Let’s look at what an urban conservative platform could consist of in Virginia, and how it compares to our creed.

 

Promoting Free Enterprise

We believe that the free enterprise system is the most productive supplier of human needs and economic justice.

 

As Republicans, we believe that the best way for the individual, local community, state, and nation to prosper is through a systems of commerce that operates free of undue regulation from the levels of government (local, state, and federal), and that encourages entrepreneurship. Many organizations-Future Business Leaders of America as an example-and online networking groups stress the importance of the free enterprise system we advocate. The RPV could work to engage these groups-in middle/high schools, colleges, and online-and educate them on the importance of free enterprise. Such an education program, appropriate to the level of engagement, could show the specific effects of a checked, regulated market to the community being spoken to, and how conservative principles relating to commerce and business can help to uplift these communities.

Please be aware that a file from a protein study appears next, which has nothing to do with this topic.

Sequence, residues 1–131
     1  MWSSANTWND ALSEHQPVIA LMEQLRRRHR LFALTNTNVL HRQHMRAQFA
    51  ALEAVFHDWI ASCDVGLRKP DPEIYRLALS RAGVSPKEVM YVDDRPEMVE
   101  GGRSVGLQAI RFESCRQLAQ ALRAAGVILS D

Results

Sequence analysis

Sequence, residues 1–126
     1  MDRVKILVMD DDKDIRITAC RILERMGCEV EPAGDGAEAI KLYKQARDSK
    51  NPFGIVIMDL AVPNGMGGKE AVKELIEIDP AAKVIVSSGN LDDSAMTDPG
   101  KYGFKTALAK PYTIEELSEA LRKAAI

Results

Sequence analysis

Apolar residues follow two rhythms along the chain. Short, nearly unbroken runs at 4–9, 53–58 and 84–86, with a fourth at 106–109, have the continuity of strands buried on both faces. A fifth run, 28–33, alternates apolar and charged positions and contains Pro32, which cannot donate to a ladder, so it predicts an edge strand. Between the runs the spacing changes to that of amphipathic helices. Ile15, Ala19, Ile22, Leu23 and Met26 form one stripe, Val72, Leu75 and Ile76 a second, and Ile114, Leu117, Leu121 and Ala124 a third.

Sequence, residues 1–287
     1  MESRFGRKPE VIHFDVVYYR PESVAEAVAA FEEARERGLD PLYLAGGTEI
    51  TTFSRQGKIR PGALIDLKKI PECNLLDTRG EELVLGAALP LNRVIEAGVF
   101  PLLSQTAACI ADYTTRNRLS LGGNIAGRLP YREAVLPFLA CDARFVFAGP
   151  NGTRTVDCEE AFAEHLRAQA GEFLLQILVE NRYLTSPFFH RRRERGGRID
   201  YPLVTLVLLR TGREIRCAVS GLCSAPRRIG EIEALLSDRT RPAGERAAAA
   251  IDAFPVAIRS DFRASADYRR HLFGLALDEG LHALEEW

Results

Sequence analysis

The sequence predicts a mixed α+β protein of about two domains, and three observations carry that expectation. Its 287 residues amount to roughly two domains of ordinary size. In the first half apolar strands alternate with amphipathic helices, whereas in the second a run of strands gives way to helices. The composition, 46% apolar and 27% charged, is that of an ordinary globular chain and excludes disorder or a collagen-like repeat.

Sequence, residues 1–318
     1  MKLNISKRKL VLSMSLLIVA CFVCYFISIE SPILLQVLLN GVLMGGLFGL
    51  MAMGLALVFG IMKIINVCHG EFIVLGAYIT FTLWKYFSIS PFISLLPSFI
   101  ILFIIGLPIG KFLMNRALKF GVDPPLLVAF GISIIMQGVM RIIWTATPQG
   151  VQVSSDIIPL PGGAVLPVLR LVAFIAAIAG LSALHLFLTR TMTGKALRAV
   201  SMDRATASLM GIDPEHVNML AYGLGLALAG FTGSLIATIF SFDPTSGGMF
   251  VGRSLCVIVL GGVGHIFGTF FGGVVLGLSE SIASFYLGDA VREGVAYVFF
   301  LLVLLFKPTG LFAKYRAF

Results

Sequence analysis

Promoting Personal Responsibility

We believe that all individuals are entitled to equal rights, justice, and opportunities and should assume their responsibilities as citizens in a free society.

 

Virginia’s urban conservative movement could stress the importance of personal responsibility and the consequences of irresponsibility, but could also outline programs that provide services to the community and allow residents to see Republicans living and teaching these principles.